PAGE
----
National Education Support Professionals Day honors secretaries, classroom aides, maintenance workers, cafeteria workers, bus drivers, and others who make a positive difference for children in public schools. These people are in many ways, the unsung heroes of our educational system. They are working behind the scenes to make school a safe and amazing place of growth and learning for every child.
We honor our education support professionals on the Wednesday that falls during American Education Week . As it happens, this is the 29th annual celebration of National Education Support Professionals Day, which was observed for the first time in 1987. That means we were relatively late in recognizing the contributions of support professionals to our children’s education. This is the 95th consecutive year in which American Education Week has been observed.
National Education Support Professionals Day
What and who exactly are we honoring today, on National Education Support Professionals Day? We’re paying tribute to the kind secretary who stops to calm a crying child, or offers a kind word to a child who really seems to need one. We remember the bus driver who gets the kids to sing silly songs to brighten the mood on a dark and rainy day en route to school. Most of us can name someone like this, a person on the periphery of the classroom experience who helped us make it through the school day, such as the cafeteria worker who always gave you an extra large portion of mac and cheese, because she knew it was your favorite.
Cindy Schwartz Kline shared her memories of a favorite support professional. “Bob Wyckoff was the school janitor at [my school] in Skokie, Illinois. Bob was friendly with all the pupils and teachers.
“I have a somewhat embarrassing memory: I once got stuck in the chair of a desk. My skinny sixth grade legs got caught in between the bars of the desk chair. It was recess and practically the whole school (that is what it felt like) was standing around looking and laughing at me. Bob came and also laughed and then sawed me out of the chair. Not sure if he ever let me live that one down.
“Bob had a sense of humor and he liked to tease. That was circa 1979/1980. Bob had been working there a while already and he continued well into the 2000’s. He was still there in 2011(not 100% sure when he retired). I also know that the school valued him so much that they sent him on a trip to Israel. Not sure how many African American custodians get that sort of perk!”
For Rivka Gornall Leiner, it was an actual teacher who supported her. Rivka was one of those smart kids who pretended she was stupid so the kids would like her. She was awkward and couldn’t properly navigate the stairs. The teachers took turns watching over the kids in the schoolyard during recess. But Rivka’s teacher Abe Communale, got a teacher to take over his recess duty, to help Rivka master the stairs. “My teacher in 3rd grade is one that I never forgot. He found a kid who had few social skills and was constantly teased for having good grades. I used to hide my report cards and pretend that I had the Cs and Ds that proved you were cool.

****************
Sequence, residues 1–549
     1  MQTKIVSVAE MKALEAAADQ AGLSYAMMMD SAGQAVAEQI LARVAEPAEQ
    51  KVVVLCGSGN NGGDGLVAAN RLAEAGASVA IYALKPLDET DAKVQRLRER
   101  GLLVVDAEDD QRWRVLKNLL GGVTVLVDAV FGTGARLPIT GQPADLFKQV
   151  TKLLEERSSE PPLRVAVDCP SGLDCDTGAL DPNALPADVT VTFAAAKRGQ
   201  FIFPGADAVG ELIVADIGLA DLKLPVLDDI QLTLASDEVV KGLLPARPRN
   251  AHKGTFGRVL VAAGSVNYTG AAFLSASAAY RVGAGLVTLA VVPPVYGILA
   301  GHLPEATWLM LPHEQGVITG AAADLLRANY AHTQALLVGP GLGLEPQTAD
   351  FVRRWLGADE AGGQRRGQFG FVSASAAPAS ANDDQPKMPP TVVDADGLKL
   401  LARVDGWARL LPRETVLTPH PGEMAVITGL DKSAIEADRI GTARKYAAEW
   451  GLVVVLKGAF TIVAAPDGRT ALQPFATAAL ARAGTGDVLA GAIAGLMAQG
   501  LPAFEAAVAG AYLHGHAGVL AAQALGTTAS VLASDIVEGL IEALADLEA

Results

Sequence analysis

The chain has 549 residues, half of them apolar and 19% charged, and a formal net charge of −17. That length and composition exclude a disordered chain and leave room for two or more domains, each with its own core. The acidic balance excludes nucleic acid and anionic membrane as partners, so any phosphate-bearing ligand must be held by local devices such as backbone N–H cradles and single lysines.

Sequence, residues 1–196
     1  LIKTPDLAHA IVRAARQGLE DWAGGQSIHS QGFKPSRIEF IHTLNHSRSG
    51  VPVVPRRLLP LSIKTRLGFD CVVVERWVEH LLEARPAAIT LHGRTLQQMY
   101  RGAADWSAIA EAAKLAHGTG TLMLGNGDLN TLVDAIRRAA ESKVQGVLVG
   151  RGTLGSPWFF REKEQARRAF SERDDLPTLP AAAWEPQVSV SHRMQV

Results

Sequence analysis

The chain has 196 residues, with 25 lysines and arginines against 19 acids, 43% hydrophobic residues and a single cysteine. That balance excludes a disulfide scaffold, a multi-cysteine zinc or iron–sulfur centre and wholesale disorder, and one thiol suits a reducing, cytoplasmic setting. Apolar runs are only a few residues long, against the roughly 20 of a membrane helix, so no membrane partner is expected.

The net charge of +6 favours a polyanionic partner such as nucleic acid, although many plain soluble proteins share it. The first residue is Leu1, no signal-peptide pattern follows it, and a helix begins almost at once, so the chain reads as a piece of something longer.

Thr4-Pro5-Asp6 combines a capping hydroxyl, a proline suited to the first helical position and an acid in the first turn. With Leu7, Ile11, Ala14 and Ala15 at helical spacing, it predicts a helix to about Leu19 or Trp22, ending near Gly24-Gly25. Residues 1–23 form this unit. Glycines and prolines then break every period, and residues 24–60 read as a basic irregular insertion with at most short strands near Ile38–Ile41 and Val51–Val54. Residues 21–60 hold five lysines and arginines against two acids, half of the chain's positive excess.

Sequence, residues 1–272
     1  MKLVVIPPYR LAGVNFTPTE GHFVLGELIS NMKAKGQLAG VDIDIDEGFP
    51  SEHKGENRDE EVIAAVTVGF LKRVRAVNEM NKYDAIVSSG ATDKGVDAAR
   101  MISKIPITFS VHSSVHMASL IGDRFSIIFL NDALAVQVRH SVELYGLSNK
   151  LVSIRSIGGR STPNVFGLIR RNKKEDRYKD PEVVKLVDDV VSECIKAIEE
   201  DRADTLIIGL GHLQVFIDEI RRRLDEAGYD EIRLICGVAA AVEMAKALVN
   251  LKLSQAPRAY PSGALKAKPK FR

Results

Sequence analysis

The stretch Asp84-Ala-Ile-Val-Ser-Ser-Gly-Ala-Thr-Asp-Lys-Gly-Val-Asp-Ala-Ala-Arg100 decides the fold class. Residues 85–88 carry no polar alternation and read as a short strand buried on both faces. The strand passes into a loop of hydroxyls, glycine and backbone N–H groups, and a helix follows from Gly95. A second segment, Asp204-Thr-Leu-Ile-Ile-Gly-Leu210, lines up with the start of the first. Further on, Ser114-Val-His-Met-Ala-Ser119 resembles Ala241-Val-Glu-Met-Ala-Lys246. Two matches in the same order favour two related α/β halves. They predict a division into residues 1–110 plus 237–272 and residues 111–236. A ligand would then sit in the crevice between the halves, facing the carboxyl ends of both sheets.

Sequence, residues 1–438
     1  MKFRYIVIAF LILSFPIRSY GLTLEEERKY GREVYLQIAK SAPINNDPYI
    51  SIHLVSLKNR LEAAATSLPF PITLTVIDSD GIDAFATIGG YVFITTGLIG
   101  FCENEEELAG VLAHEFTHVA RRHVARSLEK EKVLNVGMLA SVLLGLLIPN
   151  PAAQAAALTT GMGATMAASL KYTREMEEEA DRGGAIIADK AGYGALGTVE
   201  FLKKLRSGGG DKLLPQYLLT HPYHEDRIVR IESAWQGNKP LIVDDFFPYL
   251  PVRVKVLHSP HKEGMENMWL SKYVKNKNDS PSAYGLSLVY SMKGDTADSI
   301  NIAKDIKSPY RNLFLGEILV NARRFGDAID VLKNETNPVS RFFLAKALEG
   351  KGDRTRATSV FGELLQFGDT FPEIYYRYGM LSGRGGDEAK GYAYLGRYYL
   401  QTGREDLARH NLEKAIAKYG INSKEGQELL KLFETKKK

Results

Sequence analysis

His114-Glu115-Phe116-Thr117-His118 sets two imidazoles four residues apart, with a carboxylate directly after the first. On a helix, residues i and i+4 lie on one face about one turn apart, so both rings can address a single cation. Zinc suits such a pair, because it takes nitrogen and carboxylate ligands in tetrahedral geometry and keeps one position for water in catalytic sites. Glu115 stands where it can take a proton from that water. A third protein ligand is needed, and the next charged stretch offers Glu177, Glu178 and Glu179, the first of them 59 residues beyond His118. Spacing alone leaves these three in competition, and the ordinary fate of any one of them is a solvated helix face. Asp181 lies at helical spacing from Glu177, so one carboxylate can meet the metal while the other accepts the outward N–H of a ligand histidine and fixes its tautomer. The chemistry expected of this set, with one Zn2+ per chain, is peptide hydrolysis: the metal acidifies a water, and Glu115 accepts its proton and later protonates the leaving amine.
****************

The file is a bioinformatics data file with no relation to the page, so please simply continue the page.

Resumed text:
“I also had embarrassing problems. I couldn’t walk properly down stairs and would put two feet on each step, blocking the herd running to lunch in the basement. I also did not know how to tie my shoes.
“He, during several recesses that were left with another teacher, taught me both skills, patiently walking up and down the stairs with me.
“When we were divided [and] girls [sent] to ‘charm school’ (stand up straight, check your nails and -ugh – sewing), he saw me watching from the window longingly while he built a go-cart with the guys. The next week, he came and rescued me from hell and I [ended up] working on the go-cart for the rest of the year. And when I finally did get up the nerve to break the rules (a skill I did not really perfect until 8th grade 🙂 ), the entire class salivated to see the teacher’s pet get the paddle.
“He told them he would not give them the pleasure of watching, took me around the cloak room door and told me to scream when he banged the paddle, which he did loudly on the heavy wooden door. I was then given my real punishment, [to] read the entire C volume of the encyclopedia. I think he knew how much I would actually enjoy that.
“His name is Abe Communale, he taught for years and deserves recognition. All the kids loved him and wanted to go to school if they had him.”
For Sharon Marks Altshul, it was a special security guard at known only as “Bill.” He was “the best,” said Sharon. “Everyone loved Bill. He was the best security guard, knew everyone’s name, and greeted them with a smile as they came to school.”
My own children thought of the school secretary as the nice lady who would give them a cup of tea when they didn’t feel well. The tea (and sympathy) was sometimes all they needed. But when it wasn’t, Rena the secretary would call home and tell us what she thought: he has a fever and needs to go home or sometimes, he’s probably okay, no fever, but it’s your call. We trusted Rena, and she was a motherly presence to our children in school. I was thrilled when the kids presented her with an award during their graduation from elementary school. Everyone knew the award was richly deserved. Rena was a treasure.
Did you have someone special help shepherd you through school? How about your children? If you could nominate a support professional from your child’s school for an award on National Education Support Professionals Day, who would that be?
Help celebrate the day and these very special people in our lives by retweeting this piece with the hashtag: #EducationSupportProfessionalsDay